In a proper case, this Court should reconsider the early determination that corporations, including statutory corporations, cannot be ‘‘residents’’ of a different State for the purposes of s 75(iv) of the Constitution. Self-evidently, corporations are, and were at the time when the Constitution was made, legal persons. They were then, and still are, frequent litigants in the courts. Their existence was contemplated by the Constitution itself. Although in 1985 in Crouch v Commissioner for Railways (Q) this Court declined to reopen its early holding on the meaning of s 75(iv), the decision is open to the strongest doubt and criticism. In my view it is wrong. One day this Court will say so.

Earlier Limitations

Other jurisdictional limits have already been addressed: for example, VCAT had earlier ruled against their own jurisdiction in relation to serving process in foreign countries. In Gluyas v Google Inc [2010] VCAT 540, an Australian sought to bring an action against Google for not taking down an autism hate-blog based out of the United States. VCAT dismissed the application for other reasons but did note specifically that VCAT had no powers to effect process outside of Australia. Regardless of how well the legislation is written, it is likely the same situation here.


Victoria presents one interesting solution to the problem. There is a little-known provision in Victoria whereby proceedings can be issued in both a Court and VCAT. The President of VCAT is a Supreme Court Judge and Vice Presidents of VCAT are County Court Judges, so there are already judges who sit in both jurisdictions. Their legislation allows for special appointments whereby a Judge could continue hearing a VCAT case, out of the jurisdiction, and also wear the hat of a Judge.

The ACT position of jumping jurisdictions is somewhat more complicated.

fence jump.gif

Any party anywhere, international or interstate, can still consent to the jurisdiction. However, it appears that the only feasible solution for someone looking to bring an action in the ACT, where one party is interstate, is to bring the action in the ACT Supreme Court. The situation does get complicated though, despite the Supreme Court clearly holding inherent jurisdiction over any ACAT dispute, there is no ability to transfer proceedings. An ACAT dispute can have a question referred to the Supreme Court (s84) and an ACAT decision can be appealed to the Supreme Court (s86). But the Supreme Court would likely have to dismiss the proceedings on the basis that the original process was deficient for lack of jurisdiction.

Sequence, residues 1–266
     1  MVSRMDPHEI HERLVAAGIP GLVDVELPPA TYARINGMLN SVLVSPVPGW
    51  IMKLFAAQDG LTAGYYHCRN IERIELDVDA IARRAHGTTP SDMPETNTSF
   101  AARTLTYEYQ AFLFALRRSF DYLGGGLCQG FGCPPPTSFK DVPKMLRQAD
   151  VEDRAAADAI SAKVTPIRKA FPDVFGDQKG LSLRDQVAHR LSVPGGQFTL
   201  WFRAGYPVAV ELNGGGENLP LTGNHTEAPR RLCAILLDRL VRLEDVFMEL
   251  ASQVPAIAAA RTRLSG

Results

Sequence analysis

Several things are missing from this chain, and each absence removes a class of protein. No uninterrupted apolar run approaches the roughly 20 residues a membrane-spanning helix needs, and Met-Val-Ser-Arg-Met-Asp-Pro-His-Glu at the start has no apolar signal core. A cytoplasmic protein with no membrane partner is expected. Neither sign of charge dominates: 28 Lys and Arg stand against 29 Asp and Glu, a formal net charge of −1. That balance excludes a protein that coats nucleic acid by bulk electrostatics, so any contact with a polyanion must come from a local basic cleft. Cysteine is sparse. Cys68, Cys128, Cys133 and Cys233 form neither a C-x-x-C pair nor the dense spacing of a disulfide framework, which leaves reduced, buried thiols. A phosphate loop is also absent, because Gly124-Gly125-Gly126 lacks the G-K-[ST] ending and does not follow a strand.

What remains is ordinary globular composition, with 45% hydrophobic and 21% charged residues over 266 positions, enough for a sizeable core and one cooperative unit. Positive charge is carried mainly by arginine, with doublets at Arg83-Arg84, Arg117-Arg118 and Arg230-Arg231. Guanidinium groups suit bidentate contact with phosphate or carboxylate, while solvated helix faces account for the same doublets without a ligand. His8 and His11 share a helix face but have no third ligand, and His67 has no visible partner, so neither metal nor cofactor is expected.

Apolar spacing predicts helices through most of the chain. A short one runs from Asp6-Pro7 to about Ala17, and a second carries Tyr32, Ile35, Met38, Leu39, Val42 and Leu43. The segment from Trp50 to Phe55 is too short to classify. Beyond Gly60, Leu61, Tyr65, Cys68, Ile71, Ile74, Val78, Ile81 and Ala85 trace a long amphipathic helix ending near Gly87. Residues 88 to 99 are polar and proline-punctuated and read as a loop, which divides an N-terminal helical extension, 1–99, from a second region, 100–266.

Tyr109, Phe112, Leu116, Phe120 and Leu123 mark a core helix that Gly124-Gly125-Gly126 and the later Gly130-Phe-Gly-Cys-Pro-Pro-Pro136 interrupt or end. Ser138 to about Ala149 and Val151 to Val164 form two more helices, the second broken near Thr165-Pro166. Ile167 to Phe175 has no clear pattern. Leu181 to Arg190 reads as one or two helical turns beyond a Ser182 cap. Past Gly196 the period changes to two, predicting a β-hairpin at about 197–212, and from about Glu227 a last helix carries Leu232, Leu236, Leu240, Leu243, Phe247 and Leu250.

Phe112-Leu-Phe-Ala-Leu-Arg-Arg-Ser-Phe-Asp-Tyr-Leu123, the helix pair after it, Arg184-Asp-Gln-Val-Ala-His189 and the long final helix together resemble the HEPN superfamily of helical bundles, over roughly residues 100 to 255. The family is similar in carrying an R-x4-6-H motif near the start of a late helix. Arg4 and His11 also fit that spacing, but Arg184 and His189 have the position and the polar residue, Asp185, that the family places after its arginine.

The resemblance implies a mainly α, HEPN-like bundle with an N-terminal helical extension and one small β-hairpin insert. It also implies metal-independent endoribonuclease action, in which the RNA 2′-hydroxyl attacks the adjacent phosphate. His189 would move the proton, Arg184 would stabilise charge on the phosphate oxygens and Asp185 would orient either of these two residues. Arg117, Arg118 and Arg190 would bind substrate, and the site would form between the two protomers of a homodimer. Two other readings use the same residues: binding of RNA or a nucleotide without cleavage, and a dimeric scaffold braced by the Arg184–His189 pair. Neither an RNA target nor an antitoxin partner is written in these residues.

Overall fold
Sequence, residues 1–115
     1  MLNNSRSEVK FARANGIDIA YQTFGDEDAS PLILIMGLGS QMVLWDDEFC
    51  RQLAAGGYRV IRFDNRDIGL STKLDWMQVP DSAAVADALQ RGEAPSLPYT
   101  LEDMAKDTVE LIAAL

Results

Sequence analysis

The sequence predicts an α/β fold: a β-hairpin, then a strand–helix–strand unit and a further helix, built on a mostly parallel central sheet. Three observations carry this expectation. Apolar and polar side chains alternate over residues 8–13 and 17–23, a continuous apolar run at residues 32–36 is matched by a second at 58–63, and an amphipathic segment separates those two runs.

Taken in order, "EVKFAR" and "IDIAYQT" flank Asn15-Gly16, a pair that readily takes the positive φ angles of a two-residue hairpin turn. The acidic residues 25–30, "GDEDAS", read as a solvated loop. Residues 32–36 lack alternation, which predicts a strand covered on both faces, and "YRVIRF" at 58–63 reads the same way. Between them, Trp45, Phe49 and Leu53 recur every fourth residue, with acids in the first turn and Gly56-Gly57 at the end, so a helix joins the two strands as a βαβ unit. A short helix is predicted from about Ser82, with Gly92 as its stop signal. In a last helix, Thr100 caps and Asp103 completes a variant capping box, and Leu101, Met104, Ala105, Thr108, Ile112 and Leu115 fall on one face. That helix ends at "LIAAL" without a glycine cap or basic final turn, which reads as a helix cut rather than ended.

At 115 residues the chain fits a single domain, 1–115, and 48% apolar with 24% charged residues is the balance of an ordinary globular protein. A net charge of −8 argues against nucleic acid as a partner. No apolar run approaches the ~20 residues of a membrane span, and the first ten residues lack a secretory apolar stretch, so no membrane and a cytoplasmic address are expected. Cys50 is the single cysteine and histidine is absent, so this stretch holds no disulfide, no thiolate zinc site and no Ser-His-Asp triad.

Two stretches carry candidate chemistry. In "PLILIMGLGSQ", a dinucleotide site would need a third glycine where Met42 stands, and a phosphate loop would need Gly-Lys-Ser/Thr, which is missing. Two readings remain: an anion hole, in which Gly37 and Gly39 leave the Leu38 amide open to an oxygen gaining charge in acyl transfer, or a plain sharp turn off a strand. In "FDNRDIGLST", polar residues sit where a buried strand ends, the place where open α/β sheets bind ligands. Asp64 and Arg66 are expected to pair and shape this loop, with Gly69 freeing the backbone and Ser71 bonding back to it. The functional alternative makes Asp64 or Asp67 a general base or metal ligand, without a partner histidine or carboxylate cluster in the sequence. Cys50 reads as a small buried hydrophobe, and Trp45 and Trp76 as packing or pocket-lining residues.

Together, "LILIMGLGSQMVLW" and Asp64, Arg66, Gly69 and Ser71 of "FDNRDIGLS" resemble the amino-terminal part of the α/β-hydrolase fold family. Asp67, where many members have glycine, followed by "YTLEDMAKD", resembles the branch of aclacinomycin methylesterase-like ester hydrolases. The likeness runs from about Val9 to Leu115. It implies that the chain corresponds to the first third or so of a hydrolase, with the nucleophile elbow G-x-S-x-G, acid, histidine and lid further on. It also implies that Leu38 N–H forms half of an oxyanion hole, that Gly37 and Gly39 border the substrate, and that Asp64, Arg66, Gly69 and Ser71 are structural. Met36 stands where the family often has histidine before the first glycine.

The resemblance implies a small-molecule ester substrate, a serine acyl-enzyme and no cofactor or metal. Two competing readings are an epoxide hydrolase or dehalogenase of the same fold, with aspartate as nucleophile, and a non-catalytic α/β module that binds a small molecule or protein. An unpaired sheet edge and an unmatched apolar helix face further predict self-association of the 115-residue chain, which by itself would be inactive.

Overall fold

Filing a matter in the ACAT for a natural person costs $338, filing in the Supreme Court costs $1,669. There is no specialist fee for ACAT referrals or for matters that cannot be started in the ACAT because of this deficiency.

For example, if you have a $2,000 bond, your landlord has unjustly kept it, but your landlord is based in Sydney, then you have no option but to file in the Supreme Court for $1,669.

The good news is that if you are in the right, rule 1722 would mean you are entitled to 100% of costs, as opposed to the ACAT presumption of 0% costs. Of course, if you are incorrect, then a simple bond dispute could lead to thousands of dollars of costs if, as a punter, you happen to get the law wrong.

The ACT is particularly susceptible to this problem given the size of the Territory and the increased likelihood that parties to transactions will be based in NSW or further afield. Essentially, the stakes are hugely raised the second you step into the Supreme Court jurisdiction, which is entirely against the original purpose of the ACAT.

This is a matter for the legislature but if I may,  I humbly propose three solutions:

  1. Create a low-cost filing fee with a presumption for no costs in the ACT Supreme Court to catch those cases that cannot find jurisdiction or where consent jurisdiction is lacking – this one is possibly as simple as allowing for the rules or even a practice direction to state that upon application the Court will apply the rules and practices of the ACAT (+the fee/costs structure);
  2. Amend the ACAT structure to have Supreme Court judges appointed as Presidential Members to create a new field of “two-hat” law, previously not in existence in the ACT (but at least Victoria has precedence to assist);